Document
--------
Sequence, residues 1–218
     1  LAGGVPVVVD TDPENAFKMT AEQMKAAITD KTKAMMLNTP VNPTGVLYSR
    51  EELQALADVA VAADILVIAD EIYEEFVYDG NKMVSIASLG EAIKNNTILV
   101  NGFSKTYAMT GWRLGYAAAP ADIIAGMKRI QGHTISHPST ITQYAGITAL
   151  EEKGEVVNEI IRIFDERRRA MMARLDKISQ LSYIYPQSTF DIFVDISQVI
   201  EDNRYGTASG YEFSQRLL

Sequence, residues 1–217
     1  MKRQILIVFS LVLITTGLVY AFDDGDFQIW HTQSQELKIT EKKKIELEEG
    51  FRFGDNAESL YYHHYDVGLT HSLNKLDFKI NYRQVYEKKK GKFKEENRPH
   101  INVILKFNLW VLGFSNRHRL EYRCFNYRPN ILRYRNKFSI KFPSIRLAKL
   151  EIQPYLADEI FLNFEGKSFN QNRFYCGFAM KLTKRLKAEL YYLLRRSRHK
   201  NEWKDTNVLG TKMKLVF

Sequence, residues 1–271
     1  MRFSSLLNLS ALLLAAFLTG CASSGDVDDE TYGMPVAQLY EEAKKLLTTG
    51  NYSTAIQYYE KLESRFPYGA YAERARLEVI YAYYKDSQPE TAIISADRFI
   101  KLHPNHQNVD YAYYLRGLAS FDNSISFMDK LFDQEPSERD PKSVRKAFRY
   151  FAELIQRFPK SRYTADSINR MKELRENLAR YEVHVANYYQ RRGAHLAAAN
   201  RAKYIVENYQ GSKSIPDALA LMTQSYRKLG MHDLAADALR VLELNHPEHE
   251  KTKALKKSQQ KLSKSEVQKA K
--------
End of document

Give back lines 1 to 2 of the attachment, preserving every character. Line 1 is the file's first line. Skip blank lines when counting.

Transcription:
Sequence, residues 1–218
     1  LAGGVPVVVD TDPENAFKMT AEQMKAAITD KTKAMMLNTP VNPTGVLYSR